We’ve written this Spain Preview: World Cup 2018 to share our insight about La Furia Roja — their strengths and weaknesses, likely starting lineup, the 23-man squad and much more.
Spain Preview: World Cup 2018
Goalkeepers: David de Gea, Pepe Reina, Kepa Arrizabalaga
Defenders: Jordi Alba, Nacho Monreal, Alvaro Odriozola, Nacho Fernandez, Dani Carvajal, Gerard Pique, Sergio Ramos, Cesar Azpilicueta
Midfielders: Sergio Busquets, Isco, Thiago Alcantara, David Silva, Andres Iniesta, Saul Niguez, Koke, Marco Asensio, Lucas Vazquez
Forwards: Iago Aspas, Diego Costa, Rodrigo Moreno
- Manager: Julen Lopetegui
- Captain: Sergio Ramos
- Best Finish: Winners (2010)
Likely starting lineup
While we knew Spain’s dominance would never last forever, few would’ve anticipated their 2014 World Cup going quite so badly. The world champions were hammered by the Netherlands and Chile, and crashed out of the group stage.
They weren’t at their best at the previous Euros either, but since then it feels as though Spain have made massive strides. Now they are bonafide challengers for the world title again.
In a warmup friendly against Argentina they produced a performance that would’ve made the rest of the world sit up and take notice. La Roja tore into their illustrious opponents in front of a raucous Madrid crowd in a 6-1 mauling. If there was any doubt lingering, that night, Spain showed they’re back at full force.
The squad is arguably the most impressive at the tournament with world-class operators in all areas of the pitch. David De Gea is one of the world’s best goalkeeper and Sergio Ramos is the game’s best leader. Finally, the midfield options available to Lopetegui outstrip those of any coach heading to Russia this summer.
It’s in the final third where the coach has some big decisions to make. While he’s taken three out-and-out centre-forwards to the World Cup, there will be a temptation to play with a false nine. A role Isco and Marco Asensio have both occupied at times. Diego Costa, Iago Aspas and Rodrigo are all fine options to lead the line, though.
Where Spain fell down four years ago was a lack of energy in midfield and poor penetration with the ball. Players like Saul, who is a bundle of bustle in the middle, and the effervescent Asensio out wide appear to be antidotes to those issues.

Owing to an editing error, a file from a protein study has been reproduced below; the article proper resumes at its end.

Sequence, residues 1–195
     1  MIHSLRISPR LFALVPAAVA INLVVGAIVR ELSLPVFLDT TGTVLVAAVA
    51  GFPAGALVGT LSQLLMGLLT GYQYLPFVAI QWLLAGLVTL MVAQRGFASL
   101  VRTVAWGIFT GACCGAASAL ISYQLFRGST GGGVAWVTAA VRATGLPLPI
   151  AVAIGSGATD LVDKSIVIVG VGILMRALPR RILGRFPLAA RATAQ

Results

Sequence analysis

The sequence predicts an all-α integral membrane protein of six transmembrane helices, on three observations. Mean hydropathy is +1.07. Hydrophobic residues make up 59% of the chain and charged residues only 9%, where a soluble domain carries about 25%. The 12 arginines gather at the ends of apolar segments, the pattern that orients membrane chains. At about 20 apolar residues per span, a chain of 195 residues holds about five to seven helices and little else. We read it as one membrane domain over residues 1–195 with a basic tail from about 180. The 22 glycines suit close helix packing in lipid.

As a result, weaknesses are hard to identify. If Spain play their football their way, there may not be a team in the competition equipped to stop them.
Key Man – David Silva
You wouldn’t be too surprised if Silva made it to the next World Cup. Although, you feel as though the midfielder has reached his zenith going into this tournament at 36 years old.
For Manchester City he’s enjoyed a phenomenal campaign, shining alongside Kevin De Bruyne in the most dominant team of the Premier League era. Silva’s game has been modified under Pep Guardiola, making him more involved in general play; the men in sky blue have danced to his tune this term.
With the national team, Lopetegui has used Silva a little differently, typically from the right flank where he has license to roam. It’s a position the playmaker has relished and in his last 14 games for Spain the City star has been on the scoresheet nine times.
Having a footballer available like Silva must be a joy for his fellow players, as he receive the ball in tight spaces, moves it quickly and evades defenders with astute body shifts. Factor in he’s now a goalscorer too, and Spain may have one of the most complete players in the tournament at their disposal.
Spain Group Stage fixtures
Friday, June 15
Wednesday, June 20
Monday, June 25
Spain’s path to the final
If Spain wins Group B, their Round of 16 game will be against the country that finishes second from Group A which will either be Russia, Uruguay, Saudi Arabia or Egypt. If Spain wins that Round of 16 game, Spain will enter the quarterfinal stage with a game against the winner of Group D (Argentina, Iceland, Nigeria or Croatia) versus the team that finishes second in Group C (either France, Australia, Peru or Denmark). If Spain advances to the semi-final stage, it’ll play the winner of the quarterfinal that comes out of the F1 vs. E2 versus H1 vs. G2 series.
If Spain finishes second in Group B, Spain will play the team that finishes first in Group A (either Russia, Saudi Arabia, Uruguay or Egypt). If Spain wins that game, it would be in the quarterfinal against whoever is victorious between the winner of Group C (either France, Australia, Peru or Denmark) and the team that finishes second in Group D (either Argentina, Iceland, Croatia or Nigeria). If Spain advances to the semi-final stage, it’ll play the winner of the quarterfinal that comes out of the E1 vs. F2 versus G1 vs. H2 series.
Spain World Cup shirt (home)
Spain & adidas have debuted their new home jersey for 2018. The jersey features a dynamic line graphic made of red, yellow and blue diamonds down the right-hand side. The colors of the jersey represent speed, energy and style of play that have become the national team’s trademark. It pays homage to one of La Roja’s most famous shirts, the jersey worn at the 1994 World Cup in the USA. The embroidered adidas logo has been moved to the center chest, as it was in 1994. The yellow adidas stripes on the shoulders round out the look.
Spain World Cup shirt (away)
This jersey is clad in the light blue away colors worn by some of the most successful sides in Spain soccer history. A version of the team’s current away jersey, it has sweat-wicking Climalite and a slightly looser cut for fan comfort. adidas is dedicated to creating products in ways that minimize their environmental impact. This jersey is made with recycled polyester to save resources and decrease emissions.
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